History  Part 2

........by now the band were becoming used to recording live sessions for “Sound of the Seventies” at one or other of the BBC studios but one recording stood out above all the others. The band arrived at the Paris Theatre, Lower Regent Street expecting to record a session in the normal way only to find that it was a “live” performance with a studio audience! They performed that night with Ian Carr’s Nucleus who also frequently played at Ronnie’s. John Peel eased any tension with reassuring news of how many millions of listeners would be tuning in, which was a great comfort when the red light went on – a scary but exhilarating experience. The list of legendary bands that performed at the Paris Theatre during those few years is awesome - Beatles, David Bowie, Jeff Beck, Fleetwood Mac, Pink Floyd, Led Zeppelin, Genesis, Queen, Deep Purple, Joni Mitchell, T Rex and so many more. These were truly heady days for this aspiring band.


Even more interesting times were to come when the band recorded their album at London’s Trident Studios. It was technologically the most advanced studio in England at that time and had become the studio of choice for many of the great artistes of the day including The Beatles, George Harrison, David Bowie, Queen, Genesis, Free, Frank Zappa and many others. The producer chosen by the recording company was John Anthony who was great fun to work with but the real joy and privilege was that the house engineer was Ken Scott, who has become legend with his work before and after working on Aubrey Small’s album. He had just engineered “All Things Must Pass” for George Harrison and during their time at Trident the band were studio sharing with Harry Nilsson who was recording “Nilsson Schmilsson” produced by Richard Perry. It was a priceless experience being close at hand and watching such talented people create a great piece of work!

One day the band were taking a break from recording and went upstairs to grab a coffee and bumped into an old friend Ian Duck of Hookfoot, who Rod had known since his first job after leaving school. The shock was mutual at meeting in such unusual circumstances and it turned out that Ian had been playing on the Nilsson album and both he and another Hookfoot acquaintance, drummer Roger Pope from Southampton were mixing “Madman Across the Water” with Elton John - Hookfoot were his and Kiki Dee’s backing band at the time.

The recording experience at Trident became intoxicating and at times even became somewhat surreal. For one number “Smoker Will Blow” John Anthony had the idea of putting orchestration on the track as it was too simple. Within a matter of days  arranger  Richard Hewson appeared together with a huge assembly of the finest jazz and orchestral musicians available. Here was another highly respected musician who had a list of high profile credits to his name including the Beatles, Bee Gees, Diana Ross, Art Garfunkel, Fleetwood Mac, Supertramp, Chris Rea among others – another who’s who! The band watched from the control room with amazement as an extraordinary and complex soundscape unfolded on their song. Ray Jackson of Lindisfarne was also invited to play harmonica on one track and Mike Vickers of Manfred Mann brought his giant Moog synthesiser in for another couple of tracks.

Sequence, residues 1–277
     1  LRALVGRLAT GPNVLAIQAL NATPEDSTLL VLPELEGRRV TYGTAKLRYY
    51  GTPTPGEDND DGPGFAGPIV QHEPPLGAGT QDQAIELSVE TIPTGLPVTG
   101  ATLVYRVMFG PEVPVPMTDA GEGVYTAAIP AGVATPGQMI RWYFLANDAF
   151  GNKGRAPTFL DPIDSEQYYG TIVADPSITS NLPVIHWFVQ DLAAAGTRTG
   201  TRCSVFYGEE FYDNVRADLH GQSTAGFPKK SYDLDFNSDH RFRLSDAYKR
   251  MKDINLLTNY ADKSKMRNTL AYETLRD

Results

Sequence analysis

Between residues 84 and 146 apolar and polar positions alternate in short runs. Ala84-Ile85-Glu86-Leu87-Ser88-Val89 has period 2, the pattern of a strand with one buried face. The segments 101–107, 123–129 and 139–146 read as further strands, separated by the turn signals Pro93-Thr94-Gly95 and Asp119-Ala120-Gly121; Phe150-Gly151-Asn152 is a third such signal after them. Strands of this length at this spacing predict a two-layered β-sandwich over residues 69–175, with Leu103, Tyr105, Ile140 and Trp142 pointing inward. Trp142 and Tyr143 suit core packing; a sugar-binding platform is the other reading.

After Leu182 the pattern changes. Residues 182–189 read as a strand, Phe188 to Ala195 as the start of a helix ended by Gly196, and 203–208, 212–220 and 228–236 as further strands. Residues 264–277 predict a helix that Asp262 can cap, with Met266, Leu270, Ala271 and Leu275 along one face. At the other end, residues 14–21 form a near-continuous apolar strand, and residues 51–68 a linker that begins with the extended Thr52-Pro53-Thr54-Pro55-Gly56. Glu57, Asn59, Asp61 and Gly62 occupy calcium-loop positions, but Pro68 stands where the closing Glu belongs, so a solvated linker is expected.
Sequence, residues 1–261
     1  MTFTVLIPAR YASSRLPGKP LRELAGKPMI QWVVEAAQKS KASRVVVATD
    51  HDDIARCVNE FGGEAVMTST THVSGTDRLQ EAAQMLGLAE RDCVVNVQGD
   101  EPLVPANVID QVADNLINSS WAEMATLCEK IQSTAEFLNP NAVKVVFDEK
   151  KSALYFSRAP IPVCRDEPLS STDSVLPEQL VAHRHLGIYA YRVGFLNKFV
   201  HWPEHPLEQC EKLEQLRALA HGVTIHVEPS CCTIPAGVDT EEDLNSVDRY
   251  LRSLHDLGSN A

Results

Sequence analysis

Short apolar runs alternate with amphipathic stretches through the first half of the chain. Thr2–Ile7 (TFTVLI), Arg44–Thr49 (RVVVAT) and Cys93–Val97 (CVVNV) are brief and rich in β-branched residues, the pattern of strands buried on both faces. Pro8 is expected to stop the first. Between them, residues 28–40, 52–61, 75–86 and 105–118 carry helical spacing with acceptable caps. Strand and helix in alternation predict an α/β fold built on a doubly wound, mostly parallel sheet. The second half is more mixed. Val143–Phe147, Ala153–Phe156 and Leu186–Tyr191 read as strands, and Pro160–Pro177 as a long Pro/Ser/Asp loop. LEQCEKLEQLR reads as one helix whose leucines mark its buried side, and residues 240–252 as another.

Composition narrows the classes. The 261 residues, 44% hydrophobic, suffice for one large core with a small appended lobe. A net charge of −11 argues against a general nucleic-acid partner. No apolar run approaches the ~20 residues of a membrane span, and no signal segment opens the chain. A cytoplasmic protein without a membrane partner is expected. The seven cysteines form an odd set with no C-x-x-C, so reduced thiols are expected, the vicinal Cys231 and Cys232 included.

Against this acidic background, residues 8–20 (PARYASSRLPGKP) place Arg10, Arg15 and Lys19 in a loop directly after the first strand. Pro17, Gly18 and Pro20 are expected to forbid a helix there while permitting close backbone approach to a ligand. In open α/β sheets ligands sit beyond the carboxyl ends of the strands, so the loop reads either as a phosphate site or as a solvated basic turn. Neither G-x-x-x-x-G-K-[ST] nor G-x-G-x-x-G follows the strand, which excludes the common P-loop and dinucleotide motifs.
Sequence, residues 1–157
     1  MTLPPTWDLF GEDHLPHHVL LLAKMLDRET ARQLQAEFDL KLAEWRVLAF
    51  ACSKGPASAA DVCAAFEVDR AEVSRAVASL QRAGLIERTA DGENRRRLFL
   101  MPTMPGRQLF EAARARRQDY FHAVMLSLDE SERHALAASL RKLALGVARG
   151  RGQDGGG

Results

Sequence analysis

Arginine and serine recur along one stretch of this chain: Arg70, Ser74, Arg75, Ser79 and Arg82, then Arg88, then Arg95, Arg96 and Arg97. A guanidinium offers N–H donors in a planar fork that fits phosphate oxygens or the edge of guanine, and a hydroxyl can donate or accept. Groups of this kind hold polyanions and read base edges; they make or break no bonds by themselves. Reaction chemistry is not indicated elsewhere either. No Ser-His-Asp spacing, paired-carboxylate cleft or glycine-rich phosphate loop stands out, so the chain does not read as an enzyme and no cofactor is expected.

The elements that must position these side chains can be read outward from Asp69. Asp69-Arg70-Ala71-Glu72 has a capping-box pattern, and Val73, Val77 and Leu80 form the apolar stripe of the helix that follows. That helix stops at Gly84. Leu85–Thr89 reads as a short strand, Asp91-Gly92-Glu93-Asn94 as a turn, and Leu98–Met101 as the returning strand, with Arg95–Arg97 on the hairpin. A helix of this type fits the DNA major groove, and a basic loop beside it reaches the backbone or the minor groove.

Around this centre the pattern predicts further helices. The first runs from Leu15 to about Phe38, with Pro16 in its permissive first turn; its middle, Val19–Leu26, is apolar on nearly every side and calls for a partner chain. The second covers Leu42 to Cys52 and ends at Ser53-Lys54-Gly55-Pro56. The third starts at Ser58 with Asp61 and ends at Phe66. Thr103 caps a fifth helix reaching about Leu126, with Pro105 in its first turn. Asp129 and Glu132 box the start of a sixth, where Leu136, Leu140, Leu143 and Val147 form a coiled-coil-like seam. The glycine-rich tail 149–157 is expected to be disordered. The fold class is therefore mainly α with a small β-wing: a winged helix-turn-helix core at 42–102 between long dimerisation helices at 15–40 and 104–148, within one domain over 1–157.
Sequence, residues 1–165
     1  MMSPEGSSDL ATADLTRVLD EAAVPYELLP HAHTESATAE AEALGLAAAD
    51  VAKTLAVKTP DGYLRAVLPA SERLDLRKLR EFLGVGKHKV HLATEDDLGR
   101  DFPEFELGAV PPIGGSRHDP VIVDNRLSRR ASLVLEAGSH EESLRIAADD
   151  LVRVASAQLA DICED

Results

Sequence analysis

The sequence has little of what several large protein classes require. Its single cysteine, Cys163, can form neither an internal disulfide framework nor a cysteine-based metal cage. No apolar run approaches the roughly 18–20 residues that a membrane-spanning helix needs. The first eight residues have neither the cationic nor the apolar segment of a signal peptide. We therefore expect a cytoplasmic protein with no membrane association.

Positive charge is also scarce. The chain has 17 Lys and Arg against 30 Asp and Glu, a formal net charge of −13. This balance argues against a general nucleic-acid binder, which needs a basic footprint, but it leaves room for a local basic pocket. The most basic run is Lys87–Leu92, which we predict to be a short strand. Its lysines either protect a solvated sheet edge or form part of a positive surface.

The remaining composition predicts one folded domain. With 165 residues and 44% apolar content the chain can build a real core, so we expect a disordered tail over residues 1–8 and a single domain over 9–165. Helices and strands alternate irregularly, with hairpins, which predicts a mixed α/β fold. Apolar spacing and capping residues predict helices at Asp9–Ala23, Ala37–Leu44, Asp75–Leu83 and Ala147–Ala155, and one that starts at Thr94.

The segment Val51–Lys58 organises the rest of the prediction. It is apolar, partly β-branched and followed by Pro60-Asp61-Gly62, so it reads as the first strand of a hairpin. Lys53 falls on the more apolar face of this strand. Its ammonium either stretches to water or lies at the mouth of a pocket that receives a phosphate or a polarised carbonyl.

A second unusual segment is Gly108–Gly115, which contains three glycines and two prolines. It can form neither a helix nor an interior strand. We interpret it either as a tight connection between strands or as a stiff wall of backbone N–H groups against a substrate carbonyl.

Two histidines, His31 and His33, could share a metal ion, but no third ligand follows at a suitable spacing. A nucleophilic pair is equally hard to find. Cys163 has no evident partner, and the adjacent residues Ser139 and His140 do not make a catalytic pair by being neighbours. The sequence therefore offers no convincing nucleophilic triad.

After the album was completed in September 1971, John Anthony went on to produce “Orange” for Al Stewart and as often happens with working relationships being fresh in mind he invited David (Bass) & Graham (Drums) to do the session work. The rest of the band were “most put out” as they hadn’t been asked to play until it was discovered that Rick Wakeman and Tim Renwick were chosen to play keyboards and guitar – no contest! Peter Pinckney and Rod Taylor were eventually invited to do some backing vocals together with Lesley Duncan who they had also met at Trident when she was working with Elton John with whom she had a long-standing connection.


Before the album was released there were further complex and political hoops to jump through! The album cover design process turned out to be farcical. The record company had actively involved the band in discussions and decisions with everyone finally settled on a terrific photo transparency of vibrant bubbles. However the final result that appeared on the cover was a dull and muddy version which was nothing like the original, but eventually the band did learn to love it!